libuv-internals is a collection of simple code snippets which represent different parts of the libuv architecture. For example the queue snippet shows how QUEUE works with a simple use-case.
QUEUE is a circularly linked list in libuv which is used to store tasks in order. Its main idea is to have a array with two items. The first item points to the previous list node while the second points to the next one. The last node points again to the beginning of the list. Through this set up it is possible by just following the pointers to navigate through the list. If you now want to access a specific queue member you can calculate the memory address of the struct which implements a queue node as property. This is possible because a struct is always saved in one memory block and the position of a property has a specific byte offset. Using this allows to create a pointer to the beginning of the whole struct and we can access other properties.
To avoid blocking libuv executes work requests in a thread pool. Each time intensive i/o should be done a task will be put in queue and then spawned as thread in which it can execute to the end without blocking the main thread. The given examples show up basic thread management. It is recommend to read this document to get an idea of the basics.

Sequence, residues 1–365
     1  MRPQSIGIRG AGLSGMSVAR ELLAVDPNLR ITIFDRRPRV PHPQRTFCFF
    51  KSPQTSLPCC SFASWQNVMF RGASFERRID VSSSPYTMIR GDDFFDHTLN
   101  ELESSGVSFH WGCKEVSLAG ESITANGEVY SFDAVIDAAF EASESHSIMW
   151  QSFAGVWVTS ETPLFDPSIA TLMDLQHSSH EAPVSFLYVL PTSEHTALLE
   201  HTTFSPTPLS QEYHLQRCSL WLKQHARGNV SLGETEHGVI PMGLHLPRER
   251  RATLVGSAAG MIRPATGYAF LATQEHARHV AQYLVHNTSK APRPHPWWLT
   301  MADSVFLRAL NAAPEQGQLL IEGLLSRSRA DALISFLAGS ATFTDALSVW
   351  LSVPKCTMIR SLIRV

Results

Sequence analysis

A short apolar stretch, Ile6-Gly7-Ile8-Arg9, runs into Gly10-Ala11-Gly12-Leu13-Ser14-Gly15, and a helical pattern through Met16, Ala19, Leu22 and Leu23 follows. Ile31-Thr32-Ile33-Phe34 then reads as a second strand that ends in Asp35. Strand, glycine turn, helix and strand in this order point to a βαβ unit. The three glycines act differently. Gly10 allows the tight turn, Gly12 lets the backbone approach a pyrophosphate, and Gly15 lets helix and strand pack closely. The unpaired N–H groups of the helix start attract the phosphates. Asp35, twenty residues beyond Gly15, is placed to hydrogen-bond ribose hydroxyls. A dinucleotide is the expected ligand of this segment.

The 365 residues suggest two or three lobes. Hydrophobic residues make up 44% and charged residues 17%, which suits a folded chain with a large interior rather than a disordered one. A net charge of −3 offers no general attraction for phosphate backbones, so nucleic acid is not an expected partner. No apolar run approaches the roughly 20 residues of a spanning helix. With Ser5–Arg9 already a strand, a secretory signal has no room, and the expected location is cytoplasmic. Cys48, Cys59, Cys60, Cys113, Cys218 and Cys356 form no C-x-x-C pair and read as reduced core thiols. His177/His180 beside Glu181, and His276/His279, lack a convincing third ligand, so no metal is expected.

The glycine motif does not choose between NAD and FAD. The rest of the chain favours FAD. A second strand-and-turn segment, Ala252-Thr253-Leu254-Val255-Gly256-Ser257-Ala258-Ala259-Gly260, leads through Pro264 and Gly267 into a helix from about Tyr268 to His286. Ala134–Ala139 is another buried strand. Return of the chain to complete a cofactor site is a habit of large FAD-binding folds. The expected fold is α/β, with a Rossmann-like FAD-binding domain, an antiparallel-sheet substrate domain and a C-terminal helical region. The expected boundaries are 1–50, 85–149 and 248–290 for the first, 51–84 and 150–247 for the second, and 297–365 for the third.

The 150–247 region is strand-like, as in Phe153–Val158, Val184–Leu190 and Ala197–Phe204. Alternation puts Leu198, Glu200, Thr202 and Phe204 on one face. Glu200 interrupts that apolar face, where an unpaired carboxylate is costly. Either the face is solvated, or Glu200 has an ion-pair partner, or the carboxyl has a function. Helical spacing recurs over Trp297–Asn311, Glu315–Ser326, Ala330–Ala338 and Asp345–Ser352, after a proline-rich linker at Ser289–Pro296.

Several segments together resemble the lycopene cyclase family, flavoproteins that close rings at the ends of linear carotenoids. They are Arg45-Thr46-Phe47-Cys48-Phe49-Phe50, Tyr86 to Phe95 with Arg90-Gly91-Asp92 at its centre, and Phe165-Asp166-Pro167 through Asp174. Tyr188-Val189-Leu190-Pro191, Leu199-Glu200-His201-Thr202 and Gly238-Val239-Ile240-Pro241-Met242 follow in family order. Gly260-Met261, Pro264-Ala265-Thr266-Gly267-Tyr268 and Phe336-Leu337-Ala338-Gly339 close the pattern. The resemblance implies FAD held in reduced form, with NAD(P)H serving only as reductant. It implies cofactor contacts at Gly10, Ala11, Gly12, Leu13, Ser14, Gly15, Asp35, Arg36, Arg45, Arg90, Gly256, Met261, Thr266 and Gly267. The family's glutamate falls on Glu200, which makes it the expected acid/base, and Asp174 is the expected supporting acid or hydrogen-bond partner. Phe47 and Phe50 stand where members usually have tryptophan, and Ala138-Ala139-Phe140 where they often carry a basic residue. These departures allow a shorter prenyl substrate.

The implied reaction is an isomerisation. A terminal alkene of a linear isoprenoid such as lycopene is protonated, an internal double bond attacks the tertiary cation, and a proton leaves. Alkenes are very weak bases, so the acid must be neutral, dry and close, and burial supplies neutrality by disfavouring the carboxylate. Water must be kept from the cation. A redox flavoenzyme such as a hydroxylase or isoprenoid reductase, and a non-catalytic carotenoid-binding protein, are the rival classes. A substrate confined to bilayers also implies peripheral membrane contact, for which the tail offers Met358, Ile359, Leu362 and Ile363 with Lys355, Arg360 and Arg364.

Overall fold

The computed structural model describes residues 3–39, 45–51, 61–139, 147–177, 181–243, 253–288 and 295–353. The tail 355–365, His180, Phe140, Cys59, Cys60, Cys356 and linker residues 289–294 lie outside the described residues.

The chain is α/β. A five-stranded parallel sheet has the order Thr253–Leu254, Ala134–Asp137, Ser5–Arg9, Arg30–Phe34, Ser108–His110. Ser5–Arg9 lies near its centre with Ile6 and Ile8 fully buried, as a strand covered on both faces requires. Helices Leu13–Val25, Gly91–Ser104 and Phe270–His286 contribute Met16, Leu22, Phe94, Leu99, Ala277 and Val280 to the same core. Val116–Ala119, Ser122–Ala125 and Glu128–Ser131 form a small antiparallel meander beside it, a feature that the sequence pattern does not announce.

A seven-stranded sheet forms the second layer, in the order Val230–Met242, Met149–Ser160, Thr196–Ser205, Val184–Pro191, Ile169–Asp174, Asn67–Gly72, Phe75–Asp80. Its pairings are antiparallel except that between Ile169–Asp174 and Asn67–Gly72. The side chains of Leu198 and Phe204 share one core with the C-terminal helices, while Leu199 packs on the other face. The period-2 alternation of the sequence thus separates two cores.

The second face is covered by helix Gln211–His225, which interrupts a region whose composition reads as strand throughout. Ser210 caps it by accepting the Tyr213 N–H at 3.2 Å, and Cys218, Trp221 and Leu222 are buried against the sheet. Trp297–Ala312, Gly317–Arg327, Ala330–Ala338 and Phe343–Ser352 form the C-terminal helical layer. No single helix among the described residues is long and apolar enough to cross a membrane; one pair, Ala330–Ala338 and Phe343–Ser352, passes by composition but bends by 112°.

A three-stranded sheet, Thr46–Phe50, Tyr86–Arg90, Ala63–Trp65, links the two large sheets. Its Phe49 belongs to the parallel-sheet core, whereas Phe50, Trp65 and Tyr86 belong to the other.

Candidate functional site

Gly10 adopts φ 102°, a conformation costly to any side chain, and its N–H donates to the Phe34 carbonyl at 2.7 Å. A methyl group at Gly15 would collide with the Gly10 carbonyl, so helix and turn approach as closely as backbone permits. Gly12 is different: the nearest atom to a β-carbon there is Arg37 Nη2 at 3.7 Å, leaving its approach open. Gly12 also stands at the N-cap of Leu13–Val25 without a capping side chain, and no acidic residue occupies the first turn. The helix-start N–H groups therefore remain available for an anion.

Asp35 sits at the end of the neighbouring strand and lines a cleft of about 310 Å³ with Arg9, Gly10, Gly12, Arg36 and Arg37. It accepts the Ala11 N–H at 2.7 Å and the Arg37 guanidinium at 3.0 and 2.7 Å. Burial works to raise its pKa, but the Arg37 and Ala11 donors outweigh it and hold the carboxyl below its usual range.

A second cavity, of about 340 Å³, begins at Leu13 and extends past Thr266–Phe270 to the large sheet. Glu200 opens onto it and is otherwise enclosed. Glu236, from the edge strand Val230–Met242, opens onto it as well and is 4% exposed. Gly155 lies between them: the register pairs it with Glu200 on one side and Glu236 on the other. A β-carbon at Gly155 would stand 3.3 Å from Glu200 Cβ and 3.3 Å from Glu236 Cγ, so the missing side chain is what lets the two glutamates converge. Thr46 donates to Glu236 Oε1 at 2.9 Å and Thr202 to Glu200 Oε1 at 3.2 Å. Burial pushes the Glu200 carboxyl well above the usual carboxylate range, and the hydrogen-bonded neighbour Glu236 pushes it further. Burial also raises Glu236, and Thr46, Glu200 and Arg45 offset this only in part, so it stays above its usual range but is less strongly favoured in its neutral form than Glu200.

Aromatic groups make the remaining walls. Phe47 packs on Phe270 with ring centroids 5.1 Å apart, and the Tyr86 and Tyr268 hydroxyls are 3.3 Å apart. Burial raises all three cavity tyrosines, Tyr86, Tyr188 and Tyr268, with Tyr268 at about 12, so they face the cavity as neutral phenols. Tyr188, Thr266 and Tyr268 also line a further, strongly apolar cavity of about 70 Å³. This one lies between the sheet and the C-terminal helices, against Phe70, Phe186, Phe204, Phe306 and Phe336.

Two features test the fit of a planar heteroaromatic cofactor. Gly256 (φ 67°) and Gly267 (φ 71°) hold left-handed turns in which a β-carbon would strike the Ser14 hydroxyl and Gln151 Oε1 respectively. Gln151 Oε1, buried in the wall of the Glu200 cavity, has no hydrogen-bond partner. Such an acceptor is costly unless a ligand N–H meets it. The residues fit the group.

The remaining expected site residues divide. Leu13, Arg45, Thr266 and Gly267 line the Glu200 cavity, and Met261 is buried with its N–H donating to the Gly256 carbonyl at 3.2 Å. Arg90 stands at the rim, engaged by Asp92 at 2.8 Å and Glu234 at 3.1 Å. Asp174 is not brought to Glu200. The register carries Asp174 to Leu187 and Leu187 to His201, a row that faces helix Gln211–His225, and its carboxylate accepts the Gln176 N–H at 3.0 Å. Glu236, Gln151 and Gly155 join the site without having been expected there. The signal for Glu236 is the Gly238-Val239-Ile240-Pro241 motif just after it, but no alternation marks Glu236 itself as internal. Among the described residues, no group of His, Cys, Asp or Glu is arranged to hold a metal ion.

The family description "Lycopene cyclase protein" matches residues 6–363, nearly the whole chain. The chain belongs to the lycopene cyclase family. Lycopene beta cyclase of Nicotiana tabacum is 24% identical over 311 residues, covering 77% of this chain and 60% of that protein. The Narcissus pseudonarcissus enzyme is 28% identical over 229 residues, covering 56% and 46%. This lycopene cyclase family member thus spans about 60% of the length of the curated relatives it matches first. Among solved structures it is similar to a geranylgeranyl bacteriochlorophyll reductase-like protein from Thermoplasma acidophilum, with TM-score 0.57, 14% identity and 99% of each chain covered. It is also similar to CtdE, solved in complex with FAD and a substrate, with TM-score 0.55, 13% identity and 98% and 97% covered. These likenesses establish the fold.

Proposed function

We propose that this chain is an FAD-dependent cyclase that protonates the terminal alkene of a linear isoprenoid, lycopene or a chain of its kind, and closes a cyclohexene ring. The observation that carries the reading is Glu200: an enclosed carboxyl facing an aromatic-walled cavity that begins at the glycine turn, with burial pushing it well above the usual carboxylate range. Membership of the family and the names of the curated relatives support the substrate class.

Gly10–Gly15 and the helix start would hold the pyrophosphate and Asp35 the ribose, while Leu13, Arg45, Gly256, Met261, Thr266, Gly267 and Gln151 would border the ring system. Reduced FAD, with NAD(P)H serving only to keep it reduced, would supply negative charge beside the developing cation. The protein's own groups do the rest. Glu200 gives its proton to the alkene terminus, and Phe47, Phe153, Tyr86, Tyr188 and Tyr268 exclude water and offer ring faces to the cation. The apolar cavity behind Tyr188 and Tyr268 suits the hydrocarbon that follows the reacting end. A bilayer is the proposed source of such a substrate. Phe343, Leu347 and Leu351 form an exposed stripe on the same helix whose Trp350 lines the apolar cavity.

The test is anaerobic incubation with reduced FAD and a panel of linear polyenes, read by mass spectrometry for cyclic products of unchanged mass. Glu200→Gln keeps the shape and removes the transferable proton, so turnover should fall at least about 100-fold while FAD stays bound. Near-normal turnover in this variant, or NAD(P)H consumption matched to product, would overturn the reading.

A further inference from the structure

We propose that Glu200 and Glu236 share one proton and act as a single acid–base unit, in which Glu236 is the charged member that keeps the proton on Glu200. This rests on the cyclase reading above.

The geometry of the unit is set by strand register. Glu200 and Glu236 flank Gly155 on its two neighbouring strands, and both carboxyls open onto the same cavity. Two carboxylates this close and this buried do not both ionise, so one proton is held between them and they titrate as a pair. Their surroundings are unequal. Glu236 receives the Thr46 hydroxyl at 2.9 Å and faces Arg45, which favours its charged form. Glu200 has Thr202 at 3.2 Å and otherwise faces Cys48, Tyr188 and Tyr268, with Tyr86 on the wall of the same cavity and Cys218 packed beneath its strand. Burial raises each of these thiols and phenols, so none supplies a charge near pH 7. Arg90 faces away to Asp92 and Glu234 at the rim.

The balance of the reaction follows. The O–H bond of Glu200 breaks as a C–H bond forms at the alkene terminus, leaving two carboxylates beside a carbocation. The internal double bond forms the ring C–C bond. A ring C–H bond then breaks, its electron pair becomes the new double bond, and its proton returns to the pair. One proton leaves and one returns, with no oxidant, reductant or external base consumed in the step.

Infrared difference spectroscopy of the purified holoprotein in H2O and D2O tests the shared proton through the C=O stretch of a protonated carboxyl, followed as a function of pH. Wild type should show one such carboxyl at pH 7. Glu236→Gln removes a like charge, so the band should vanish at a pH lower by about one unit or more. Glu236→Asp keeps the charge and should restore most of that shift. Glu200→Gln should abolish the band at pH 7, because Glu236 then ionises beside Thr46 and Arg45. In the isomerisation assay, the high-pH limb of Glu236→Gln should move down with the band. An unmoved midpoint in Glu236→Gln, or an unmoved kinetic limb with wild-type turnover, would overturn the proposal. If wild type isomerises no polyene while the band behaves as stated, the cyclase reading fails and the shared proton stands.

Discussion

There are several mechanisms which are used by libuv to handle pending tasks in a non-blocking way. For example async.c uses eventfd (on linux) and else socketpair to execute async callbacks. Also all notification for example about new readable data in the socket must be published to libuv somehow. The events section tries to get some concepts of that.
The stream component is the most platform dependent part of libuv. As I understood correctly so far the most simple implementation works by just subscribing to a file discriptor with the event notification system of the os. In case of OS X this is not possible for all all file discriptor types. This causes libuv to create an extra thread polling manuelly the file state and then using the async component to wake up the main thread. The created example tries to the main idea of a readable file stream which will execute read callbacks each time new data is added to the file.
Copyright © 2013 Bodo Kaiser firstname.lastname@example.org
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